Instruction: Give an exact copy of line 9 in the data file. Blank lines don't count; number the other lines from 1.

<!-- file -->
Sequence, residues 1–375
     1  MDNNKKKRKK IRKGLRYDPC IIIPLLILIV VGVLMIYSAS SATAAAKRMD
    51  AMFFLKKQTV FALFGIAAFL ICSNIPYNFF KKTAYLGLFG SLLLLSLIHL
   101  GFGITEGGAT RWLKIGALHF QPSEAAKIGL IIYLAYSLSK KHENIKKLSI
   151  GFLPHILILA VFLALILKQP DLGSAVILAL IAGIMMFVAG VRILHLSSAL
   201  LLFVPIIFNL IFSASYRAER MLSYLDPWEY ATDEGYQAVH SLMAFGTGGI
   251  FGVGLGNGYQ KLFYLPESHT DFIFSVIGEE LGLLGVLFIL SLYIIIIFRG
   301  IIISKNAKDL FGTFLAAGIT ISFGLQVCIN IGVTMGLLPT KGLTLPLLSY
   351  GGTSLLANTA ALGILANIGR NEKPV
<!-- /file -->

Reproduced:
   351  GGTSLLANTA ALGILANIGR NEKPV